States often divide energy resources into classes or tiers. Preferred energy sources tend to be in the first class or tier and make up a larger share of the overall portfolio, while energy sources in subsequent classes tend to make up a smaller share of the overall goal. States can also add carve-outs, which specify a subtarget within the overall goal that should be fulfilled by a particular technology.
Another common component of a renewable standard is the use of renewable energy certificates or credits (RECs). RECs are a tradeable commodity that certifies one megawatt hour of electricity generated from renewable sources. There is no way of knowing exactly how electricity was generated once it reaches the grid unless there is an REC. Homeowners, businesses, and utilities can purchase RECs from the energy generators if they want to certify that they have purchased power that was generated by a renewable source. Utilities who must comply with renewable standards can purchase in-state or out-of-state RECs to document their compliance with the standards.
Some states also employ credit multipliers, which positively or negatively affect the value of the RECs, depending on the technology used to generate electricity. Credit multipliers can be creative and unique, too. North Carolina, for example, includes a credit multiplier up to the first 20 megawatts generated at biomass facilities to support energy generated from poultry waste.
States often craft resource tiers, carve-outs, and RECs in ways that promote in-state development to keep economic benefits localized. For example, Arizona has both distributed generation and solar carve-outs, which ensures the renewable electricity is generated within the state. However, while the in-state generation requirement incentivizes local investment in renewable electricity, it can be more expensive because it restricts a utility’s ability to purchase potentially cheaper out-of-state renewable electricity. This can have an adverse effect on consumer electricity prices, as we will see under the section “Are Renewable Standards Effective?”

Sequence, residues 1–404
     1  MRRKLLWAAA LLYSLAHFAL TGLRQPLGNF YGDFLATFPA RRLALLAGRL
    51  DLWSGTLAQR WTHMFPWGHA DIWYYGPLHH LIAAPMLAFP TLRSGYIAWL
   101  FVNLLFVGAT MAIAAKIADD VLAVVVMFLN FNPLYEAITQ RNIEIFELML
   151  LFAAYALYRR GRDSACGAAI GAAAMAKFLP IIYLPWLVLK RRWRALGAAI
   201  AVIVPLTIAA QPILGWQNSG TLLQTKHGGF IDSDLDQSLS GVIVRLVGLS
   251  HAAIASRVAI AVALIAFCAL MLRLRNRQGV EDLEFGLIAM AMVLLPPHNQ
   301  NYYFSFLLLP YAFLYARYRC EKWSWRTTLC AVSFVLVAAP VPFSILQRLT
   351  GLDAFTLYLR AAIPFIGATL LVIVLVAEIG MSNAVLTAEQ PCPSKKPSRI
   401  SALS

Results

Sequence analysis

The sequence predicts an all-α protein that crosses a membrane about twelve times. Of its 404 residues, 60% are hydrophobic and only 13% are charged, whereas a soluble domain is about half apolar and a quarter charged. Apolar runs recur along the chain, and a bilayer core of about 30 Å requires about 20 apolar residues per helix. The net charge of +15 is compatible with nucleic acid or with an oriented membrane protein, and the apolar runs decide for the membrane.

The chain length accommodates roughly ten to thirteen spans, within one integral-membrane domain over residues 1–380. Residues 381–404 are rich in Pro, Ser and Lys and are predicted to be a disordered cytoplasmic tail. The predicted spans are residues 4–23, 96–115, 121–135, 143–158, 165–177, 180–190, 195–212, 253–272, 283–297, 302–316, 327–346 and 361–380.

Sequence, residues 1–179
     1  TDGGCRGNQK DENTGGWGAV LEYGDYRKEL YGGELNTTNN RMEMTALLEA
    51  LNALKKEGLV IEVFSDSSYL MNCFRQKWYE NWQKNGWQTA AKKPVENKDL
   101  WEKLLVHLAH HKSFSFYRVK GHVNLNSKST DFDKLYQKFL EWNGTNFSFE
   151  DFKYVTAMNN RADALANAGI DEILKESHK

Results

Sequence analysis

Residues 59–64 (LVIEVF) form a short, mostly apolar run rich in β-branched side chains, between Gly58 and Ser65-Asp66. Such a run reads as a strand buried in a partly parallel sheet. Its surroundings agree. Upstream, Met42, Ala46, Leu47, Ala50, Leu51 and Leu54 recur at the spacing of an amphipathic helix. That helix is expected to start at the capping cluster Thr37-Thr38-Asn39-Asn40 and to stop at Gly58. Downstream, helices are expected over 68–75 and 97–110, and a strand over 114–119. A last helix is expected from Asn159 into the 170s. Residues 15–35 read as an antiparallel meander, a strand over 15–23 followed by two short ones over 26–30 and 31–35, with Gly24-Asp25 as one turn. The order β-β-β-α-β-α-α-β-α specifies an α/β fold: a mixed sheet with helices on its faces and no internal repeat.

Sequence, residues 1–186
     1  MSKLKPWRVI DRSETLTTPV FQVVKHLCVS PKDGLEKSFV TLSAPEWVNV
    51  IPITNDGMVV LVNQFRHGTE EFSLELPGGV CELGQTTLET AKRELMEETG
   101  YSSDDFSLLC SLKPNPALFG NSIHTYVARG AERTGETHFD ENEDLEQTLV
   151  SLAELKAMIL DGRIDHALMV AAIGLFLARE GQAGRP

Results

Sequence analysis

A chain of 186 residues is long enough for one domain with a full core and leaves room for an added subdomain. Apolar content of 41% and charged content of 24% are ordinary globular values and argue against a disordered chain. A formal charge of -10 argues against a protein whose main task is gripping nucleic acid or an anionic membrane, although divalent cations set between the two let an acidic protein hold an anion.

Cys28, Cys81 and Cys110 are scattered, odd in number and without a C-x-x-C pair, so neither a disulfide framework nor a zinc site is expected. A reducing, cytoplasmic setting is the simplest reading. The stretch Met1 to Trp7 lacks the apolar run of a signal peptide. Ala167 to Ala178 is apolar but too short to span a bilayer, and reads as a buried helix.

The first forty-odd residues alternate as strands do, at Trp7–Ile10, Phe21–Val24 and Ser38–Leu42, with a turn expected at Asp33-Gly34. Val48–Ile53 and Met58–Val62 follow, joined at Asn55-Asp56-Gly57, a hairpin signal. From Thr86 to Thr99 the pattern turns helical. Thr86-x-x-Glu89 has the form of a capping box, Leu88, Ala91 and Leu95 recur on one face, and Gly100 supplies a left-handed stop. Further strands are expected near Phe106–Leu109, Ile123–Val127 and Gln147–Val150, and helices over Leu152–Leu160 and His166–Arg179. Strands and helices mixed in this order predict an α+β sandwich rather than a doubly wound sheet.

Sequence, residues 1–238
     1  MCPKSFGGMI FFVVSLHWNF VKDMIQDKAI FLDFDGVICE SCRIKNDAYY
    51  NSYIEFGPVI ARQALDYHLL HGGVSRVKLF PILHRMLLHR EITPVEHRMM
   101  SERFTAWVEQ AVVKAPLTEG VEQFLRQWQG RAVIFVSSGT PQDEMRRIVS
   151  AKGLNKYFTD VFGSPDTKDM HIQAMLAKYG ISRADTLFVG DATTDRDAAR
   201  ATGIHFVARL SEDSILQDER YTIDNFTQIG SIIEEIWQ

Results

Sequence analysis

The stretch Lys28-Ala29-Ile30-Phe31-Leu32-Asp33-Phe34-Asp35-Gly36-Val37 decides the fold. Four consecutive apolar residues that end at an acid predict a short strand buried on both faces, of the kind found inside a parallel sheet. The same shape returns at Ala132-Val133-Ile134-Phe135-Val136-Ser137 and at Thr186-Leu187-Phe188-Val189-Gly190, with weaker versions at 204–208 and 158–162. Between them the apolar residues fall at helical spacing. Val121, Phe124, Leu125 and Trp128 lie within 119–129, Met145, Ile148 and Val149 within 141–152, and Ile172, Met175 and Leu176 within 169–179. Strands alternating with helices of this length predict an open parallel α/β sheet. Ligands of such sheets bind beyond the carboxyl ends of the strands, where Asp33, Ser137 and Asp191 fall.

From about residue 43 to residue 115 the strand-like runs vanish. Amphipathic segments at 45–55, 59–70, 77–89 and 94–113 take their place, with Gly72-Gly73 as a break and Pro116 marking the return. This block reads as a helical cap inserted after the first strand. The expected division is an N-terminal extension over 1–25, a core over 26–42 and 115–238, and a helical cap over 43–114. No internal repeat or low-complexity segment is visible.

Why are State Renewable Portfolio Standards Different?
There are a variety of competing factors that influence policy design. Here, we will look at two of the more prominent ones: a state’s renewable energy resource potential and political considerations.
States with a majority Democratic legislature, the presence of organized environmental groups, and a high renewable energy potential are more likely to enact a renewable standard…
A leading factor in the design of renewable standards is a state’s renewable energy resource potential, which is the total achievable amount of energy generation from renewables given a state’s environmental characteristics and a technology’s operating performance. For example, Southwestern states have a greater renewable energy resource potential for photovoltaic solar energy because these states have more hours of direct sunlight per year and can capture more solar energy. Southwestern states including Arizona, New Mexico, and Texas each have a renewable standard.
Other influential factors are the political ideology of decisionmakers, the makeup of power producers, and the presence of organized environmental groups―each can have significant effects on whether a state adopts a renewable standard. States with a majority Democratic legislature, the presence of organized environmental groups, and a high renewable energy potential are more likely to enact a renewable standard than states that don’t fit those criteria. Not surprisingly, perhaps, the greater the share of natural gas used to generate electricity in a state, the less likely that state will adopt a renewable standard.
There are also broader sets of influences that affect the development of renewables and the design of a renewable standard. Cheaper costs for renewable electricity can help accelerate the growth of renewables. Federal and state tax credits that are independent of renewable standards can influence the growth of renewables, as well. Ultimately, states that use renewable standards design their policies in ways that reflect these different market and regulatory factors.
Are Renewable Portfolio Standards Effective?